History of GFCIs

History of GFCIs

Charles Dalziel

Charles Dalziel (1904-1986), a professor of electrical engineering at the University of California, invented the ground-fault circuit interrupter (GFCI) in 1961. He came to realize that a common cause of deaths was the result of ordinary household circuits malfunctioning in the ground fault. His research objective then became to create a device which would interrupt a ground-fault current before it became large enough to cause human physiological damage. The sensitivity, speed of action, reliability, small size, and cost required made the device almost impossible to design.

However, in 1965, Dalziel received a patent for a “ground-fault current interrupter” that would interrupt current before it grew to 0.005 of an ampere, and which was small, reliable and inexpensive. The device was based on a magnetic circuit plus a then newly developed semiconductor device.

Most of the time, his invention does nothing; it just monitors the difference in the current flowing into and out of a tool or appliance. But when that difference exceeds 5 milliamps (nominal), an indication that a ground fault may be occurring, the GFCI shuts off the flow in an instant — in as little as 0.025 of a second.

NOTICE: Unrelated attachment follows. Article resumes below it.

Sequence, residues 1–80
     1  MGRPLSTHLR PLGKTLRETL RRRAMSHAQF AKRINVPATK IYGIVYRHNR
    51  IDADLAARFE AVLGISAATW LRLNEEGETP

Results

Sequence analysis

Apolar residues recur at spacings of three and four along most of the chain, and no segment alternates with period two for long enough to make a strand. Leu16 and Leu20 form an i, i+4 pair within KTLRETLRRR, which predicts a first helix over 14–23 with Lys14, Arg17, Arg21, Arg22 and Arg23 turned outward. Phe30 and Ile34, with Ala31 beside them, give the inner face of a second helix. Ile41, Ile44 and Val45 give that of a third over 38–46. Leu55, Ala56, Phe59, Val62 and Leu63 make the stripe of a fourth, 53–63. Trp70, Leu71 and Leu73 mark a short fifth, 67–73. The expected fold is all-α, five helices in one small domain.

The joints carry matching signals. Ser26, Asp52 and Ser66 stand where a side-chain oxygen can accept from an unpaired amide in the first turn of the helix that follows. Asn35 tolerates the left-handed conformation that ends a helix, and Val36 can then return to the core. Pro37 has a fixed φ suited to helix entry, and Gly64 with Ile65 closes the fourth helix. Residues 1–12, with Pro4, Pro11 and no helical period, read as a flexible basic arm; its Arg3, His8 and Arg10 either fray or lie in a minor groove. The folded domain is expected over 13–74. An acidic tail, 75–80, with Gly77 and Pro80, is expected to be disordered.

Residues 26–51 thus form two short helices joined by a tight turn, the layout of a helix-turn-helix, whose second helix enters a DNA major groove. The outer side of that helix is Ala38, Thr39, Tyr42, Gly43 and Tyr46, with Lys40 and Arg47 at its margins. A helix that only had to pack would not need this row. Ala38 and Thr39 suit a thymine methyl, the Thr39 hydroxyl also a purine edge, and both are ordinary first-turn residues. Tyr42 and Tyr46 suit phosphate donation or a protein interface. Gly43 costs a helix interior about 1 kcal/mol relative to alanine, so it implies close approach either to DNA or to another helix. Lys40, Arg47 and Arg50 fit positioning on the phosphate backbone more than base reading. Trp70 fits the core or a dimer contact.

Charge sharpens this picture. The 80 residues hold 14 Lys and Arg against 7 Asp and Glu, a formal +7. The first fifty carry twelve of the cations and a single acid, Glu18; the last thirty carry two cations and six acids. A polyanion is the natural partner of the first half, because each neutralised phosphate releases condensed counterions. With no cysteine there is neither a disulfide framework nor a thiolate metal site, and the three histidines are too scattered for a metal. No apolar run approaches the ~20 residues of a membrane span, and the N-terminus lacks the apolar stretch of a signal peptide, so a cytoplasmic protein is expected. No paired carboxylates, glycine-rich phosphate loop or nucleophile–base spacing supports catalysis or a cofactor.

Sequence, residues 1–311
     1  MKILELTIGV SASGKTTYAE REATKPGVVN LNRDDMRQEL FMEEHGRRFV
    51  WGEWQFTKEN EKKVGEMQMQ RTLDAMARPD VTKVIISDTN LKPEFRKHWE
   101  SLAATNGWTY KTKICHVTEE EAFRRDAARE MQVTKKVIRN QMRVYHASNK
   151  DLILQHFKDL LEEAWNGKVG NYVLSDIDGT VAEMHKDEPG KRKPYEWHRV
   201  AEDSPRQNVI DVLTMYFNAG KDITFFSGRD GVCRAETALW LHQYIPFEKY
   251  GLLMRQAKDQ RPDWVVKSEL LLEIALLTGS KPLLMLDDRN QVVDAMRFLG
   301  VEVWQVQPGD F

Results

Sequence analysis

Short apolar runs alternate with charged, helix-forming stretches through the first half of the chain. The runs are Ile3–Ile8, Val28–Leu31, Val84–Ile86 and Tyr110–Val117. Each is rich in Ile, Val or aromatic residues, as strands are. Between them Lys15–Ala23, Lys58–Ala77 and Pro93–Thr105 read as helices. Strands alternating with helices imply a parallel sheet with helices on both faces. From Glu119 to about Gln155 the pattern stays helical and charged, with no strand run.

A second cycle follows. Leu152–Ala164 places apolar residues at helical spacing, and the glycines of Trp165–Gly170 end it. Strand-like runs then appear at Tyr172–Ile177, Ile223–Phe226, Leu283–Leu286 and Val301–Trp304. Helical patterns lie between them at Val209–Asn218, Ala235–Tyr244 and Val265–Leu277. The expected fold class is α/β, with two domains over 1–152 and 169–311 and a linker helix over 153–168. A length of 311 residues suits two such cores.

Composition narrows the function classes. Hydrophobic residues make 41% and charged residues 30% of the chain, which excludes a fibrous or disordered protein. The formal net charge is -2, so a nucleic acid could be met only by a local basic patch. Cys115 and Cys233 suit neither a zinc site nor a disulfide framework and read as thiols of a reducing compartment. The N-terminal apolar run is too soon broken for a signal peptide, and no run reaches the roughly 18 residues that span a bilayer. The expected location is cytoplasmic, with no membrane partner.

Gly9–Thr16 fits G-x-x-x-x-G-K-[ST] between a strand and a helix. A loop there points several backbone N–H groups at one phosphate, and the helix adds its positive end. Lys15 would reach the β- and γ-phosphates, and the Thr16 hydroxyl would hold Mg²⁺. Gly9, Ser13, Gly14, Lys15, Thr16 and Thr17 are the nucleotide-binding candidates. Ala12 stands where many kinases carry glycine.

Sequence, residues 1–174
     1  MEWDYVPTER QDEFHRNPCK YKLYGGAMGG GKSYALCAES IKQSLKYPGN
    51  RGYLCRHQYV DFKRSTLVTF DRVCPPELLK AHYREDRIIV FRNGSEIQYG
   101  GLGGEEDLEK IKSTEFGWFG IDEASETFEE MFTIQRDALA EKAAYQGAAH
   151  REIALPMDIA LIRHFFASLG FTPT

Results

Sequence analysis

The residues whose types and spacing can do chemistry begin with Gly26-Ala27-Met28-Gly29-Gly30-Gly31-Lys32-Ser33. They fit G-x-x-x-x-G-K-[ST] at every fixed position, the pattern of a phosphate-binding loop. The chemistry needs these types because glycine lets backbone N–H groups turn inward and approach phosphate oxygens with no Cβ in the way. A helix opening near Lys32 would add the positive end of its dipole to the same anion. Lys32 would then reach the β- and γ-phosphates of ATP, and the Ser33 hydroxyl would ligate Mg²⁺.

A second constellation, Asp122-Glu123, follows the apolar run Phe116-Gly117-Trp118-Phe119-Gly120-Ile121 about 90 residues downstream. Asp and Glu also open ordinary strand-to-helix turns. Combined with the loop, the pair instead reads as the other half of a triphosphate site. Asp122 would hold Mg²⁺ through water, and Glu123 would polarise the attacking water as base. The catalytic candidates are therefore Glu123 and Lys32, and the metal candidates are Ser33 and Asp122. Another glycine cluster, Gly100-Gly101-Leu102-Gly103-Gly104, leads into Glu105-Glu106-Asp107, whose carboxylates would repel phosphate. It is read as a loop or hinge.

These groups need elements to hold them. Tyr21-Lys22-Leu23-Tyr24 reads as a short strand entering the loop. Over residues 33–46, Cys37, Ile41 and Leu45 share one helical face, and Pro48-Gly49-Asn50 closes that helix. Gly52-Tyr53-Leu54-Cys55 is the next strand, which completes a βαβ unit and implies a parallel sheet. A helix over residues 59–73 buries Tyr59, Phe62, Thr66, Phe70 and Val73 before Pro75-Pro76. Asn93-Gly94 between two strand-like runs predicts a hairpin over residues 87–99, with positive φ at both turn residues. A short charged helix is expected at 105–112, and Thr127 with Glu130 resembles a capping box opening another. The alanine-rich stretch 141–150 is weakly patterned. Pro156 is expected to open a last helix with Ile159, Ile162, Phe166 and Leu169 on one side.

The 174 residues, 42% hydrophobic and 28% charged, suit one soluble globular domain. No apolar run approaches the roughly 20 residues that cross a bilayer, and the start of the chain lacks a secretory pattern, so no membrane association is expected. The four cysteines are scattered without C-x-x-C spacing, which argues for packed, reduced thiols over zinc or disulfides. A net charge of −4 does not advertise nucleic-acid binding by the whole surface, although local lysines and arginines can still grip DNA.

How does a GFCI work?

GFCIs are designed to sense any difference in current between the supply on the ungrounded (hot) conductor in a circuit, and the grounded (neutral) conductor.

If the circuitry recognizes a differential of more than 5 milliamps (nominal) between supply and return, a solenoid trips open the circuit, causing all power to be disconnected.

For this reason, a GFCI breaker, or a correctly wired GFCI receptacle, can protect all outlets farther downstream.

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Types of GFCI Devices

There are four basic types of GFCI in common usage, and two or three of them are common in residential construction. They are:

  1. 1)  GFCI breakers in the distribution panel;

  2. 2)  GFCI receptacles at in-home locations;

  3. 3)  Stand-alone GFCIs, as sometimes used with pools; and

  4. 4)  Extension cords with built-in protection, primarily found on construction sites.